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indoctrination that portrayed the western world negatively. Today, Kazakhstan is a country of contradictions: governmental wealth from huge oil reserves in the western regions yet government acceptance of charitable goods and services from other nations who are concerned about average income of approximately $8,000 USD per year in an economy where rents on new apartments can be as high as $3,000 USD per month. This paper identifies the several market segments within the target market of primarily women in the emerging economy of the Republic of Kazakhstan. Women comprise 51.4 percent of Kazakhstan’s population (Romanenko, 2004, p. 2) representing a significant market. To define the segments, the following questions were posed to focus groups. Discussion questions asked of the women in the focus groups included but were not limited to: . Who do you think influences your clothing or fashion purchases? (Spouses/peers/parents/reference groups/magazines/television). . What is the modality of your purchase, i.e. the internet, in-person, catalogue, etc.? . How often do you buy? . Are your clothing purchases affected by your moods and emotions? . Who accompanies you to you buy your clothes? . How do brand names affect your clothes’ or fashion purchases? . How do retailers affect your clothes’ or fashion purchases? . What is your perception of clothes made outside Kazakhstan? . How do promotions or sales affect your buying decisions? . Are you influenced by the clothes celebrities wear? We focus upon how fashion is marketed to women and what the results of these policies are, with particular emphasis upon consumer behaviour trends, market segmentation, and how women’s increased educational levels influence consumption patterns. This research adds value to the area of marketing in an emerging market due to the increasing number of women with increased disposable income (Ibrayeva and Low, 2004). In recognizing women as key to the household financial decisions, marketers need to reach out and market to women, especially working women. One women in this study’s focus group stated fashion marketing entailed “things that affect the hearts of women most of all!” (focus group participant). Literature review Previous studies have indicated women’s role in purchasing has been aided by their increasing role in household financial decision making (Pastore, 1998), a fact endorsing the importance of fashion marketing to women. In fact, one American study shows that while men shop, women actually buy (Pastore, 1998). In Kazakhstan, women in particular have not fared well since independence in 1991. Women’s wages in comparison to men’s wages were 58.1 percent in 1991 compared to 48.1 percent in 2002 while the number of women involved in higher education increased by 8 percent. A slightly greater percentage of women than men have higher or tertiary education (1.26 women to men in 2001) yet women account for only 34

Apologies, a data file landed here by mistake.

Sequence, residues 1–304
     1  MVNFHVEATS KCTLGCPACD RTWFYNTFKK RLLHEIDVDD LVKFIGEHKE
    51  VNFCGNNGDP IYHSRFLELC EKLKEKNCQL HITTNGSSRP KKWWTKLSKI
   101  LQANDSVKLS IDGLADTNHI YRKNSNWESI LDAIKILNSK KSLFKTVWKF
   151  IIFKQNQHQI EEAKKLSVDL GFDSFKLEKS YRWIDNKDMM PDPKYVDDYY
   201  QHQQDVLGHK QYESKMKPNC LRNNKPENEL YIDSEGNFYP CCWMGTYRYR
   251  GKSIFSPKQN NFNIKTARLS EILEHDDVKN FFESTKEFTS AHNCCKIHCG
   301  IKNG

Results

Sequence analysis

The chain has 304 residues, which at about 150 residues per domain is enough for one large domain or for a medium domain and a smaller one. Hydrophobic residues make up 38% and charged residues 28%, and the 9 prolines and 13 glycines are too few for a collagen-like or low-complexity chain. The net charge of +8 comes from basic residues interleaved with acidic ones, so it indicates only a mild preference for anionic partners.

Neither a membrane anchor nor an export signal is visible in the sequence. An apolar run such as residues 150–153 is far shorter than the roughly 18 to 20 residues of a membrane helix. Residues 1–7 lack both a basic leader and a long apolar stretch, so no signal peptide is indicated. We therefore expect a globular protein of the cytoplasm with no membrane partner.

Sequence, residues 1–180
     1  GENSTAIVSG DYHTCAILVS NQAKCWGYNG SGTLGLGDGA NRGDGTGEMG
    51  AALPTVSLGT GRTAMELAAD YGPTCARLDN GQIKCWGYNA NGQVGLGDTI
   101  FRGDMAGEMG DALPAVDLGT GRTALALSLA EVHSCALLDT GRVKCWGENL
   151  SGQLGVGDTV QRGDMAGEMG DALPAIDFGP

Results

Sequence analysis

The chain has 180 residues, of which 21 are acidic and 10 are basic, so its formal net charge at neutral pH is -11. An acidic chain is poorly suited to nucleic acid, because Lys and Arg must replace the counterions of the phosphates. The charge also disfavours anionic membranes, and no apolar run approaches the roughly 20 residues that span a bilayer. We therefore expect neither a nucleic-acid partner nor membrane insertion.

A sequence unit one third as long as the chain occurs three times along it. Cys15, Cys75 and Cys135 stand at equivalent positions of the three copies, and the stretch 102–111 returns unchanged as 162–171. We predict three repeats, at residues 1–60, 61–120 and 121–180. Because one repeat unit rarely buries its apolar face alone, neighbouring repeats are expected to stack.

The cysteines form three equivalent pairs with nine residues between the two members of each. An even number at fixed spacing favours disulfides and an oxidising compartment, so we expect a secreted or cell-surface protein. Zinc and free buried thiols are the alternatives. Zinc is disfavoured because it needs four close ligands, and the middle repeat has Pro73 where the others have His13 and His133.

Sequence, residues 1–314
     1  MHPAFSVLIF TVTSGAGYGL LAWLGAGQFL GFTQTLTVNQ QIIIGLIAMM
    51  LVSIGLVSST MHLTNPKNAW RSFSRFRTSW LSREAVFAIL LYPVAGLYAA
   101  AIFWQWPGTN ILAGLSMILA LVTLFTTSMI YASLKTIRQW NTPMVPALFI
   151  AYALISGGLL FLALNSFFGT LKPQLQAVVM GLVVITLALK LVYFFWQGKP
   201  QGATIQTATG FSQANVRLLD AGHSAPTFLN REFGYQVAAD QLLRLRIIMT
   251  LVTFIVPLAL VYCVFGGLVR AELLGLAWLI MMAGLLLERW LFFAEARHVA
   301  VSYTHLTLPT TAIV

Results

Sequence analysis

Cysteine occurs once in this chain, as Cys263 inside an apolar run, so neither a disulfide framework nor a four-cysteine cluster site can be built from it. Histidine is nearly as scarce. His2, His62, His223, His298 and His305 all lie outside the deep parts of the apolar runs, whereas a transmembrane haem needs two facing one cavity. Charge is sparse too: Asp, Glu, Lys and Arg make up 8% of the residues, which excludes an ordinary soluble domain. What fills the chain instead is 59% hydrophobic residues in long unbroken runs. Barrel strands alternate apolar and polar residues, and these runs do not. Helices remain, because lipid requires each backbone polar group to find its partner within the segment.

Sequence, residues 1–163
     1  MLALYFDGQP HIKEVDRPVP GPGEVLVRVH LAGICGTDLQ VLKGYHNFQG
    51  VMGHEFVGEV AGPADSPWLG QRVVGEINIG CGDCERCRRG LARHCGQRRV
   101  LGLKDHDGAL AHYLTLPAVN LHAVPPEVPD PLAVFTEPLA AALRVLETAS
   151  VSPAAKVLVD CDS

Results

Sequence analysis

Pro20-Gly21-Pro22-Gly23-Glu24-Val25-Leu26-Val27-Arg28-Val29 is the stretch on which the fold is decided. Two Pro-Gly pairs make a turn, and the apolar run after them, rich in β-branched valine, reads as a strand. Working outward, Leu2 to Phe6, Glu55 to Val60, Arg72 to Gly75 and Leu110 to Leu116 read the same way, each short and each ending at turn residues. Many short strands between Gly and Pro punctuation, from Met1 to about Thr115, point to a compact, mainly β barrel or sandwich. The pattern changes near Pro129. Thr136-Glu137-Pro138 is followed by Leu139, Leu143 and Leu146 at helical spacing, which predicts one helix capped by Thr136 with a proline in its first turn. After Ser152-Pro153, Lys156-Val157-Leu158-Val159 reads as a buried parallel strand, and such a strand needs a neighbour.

percent of the managerial workforce, earning only 70 percent of what men earn, and continue to live within a male-dominated culture (Committee on the Elimination of Discrimination Against Women, 2001). As a nation, Kazakhstan is geographically remote, yet bordered by politically significant countries such as China and Russia; and contains severely ecologically damaged sites. The latter includes the Caspian Sea (Earthvision Reports, 1998, web site www.hartford-hwp.com/archives/53/049.html), the sites of Soviet nuclear testing in eastern Kazakhstan at Semipalatinsk and in the west by Azgir and Astrakhan (Greenpeace, 1996 web site). Kazakhstan became an independent nation in 1991, but continued to be ruled by N. Nazarbayev, a Soviet sympathizer who was installed by the USSR in 1989 (Infoplease, n.d.). His grip on power has allowed him to pass legislation extending his term in office and disqualify electoral opponents, thus, effectively stopping any threat to his government for almost seven years (information available at: www.tiscali.co.uk/reference/encyclopaedia/hutchinson/m0036971.html (accessed: 4 April, 2005)); censoring the press which is largely controlled by his daughter Dariga (Wikipedia Encyclopedia, Nursultan Nazarbayev web site, available at: http://en. wikipedia.org/wiki/Nursultan_ Nazarbayev (retrieved 15 March, 2005)); and, otherwise slowing the democratization of the country. The ethnic composition of Kazakhstan is 53.4 percent Kazakh, a nationality subdivided into three hordes or tribes; 30 percent Russian being subdivided into four different Cossack groups (Semirek, Uralsk, Orenburg, and Siberian); and the remaining 16.6 percent comprised of Ukrainian, Uzbek, German, Tatar, Uygur, and others, none of which are more than 4 percent individually (George, 2001). Many of the influences of the trade route dubbed “The Silk Road” have been destroyed in the century of Russian domination, leaving instead a legacy of mistrust and suspicion for anything Chinese (Freeman and Robertson, 2006). The continuing psychological dependence of Kazakhstan upon Russia is seen in the fact only 64.9 percent of the population speaks the national language of Kazak while 95 percent of the population speaks Russian (CIA Factbook). This dependence is lessening with the passage of time and the manoeuvrings of the government, such as the law demanding all government employees be fluent in Kazak. This burgeoning sense of independence is noted in the number of Kazakhstani fashion designers and the adoption of fashion trends not seen on the streets of Moscow. Some of these trends include the adoption of four-inch stiletto heels as a standard for women and extreme pointed toes on the shoes of men and women. Other fashion trends particular to the region include the proliferation of multiple colors in all types of male and female attire, almost excluding the navy and black suits that are the prevalent office uniform within North America. These fashion statements are prevalent in the Kazakhstani society, determined by whether or not the individual was raised in Kazakhstan and regardless of the individual’s traditional ethnicity. Those who are new to the country often do not immediately adopt these fashions whereas those who were raised in the country see this as simply “the fashion”. Whereas those in North America have a tendency to differentiate ethnically (Garbato, 2005), Kazakhstan fashion is defined by the country, not the individual’s ethnicity. Marketers within this country, as in the western world, must be cognizant of and responsive to gender differences (Bay, 2004) drawing into question marketers’ tendency to stereotype women. Some 91 percent of women say advertisers do not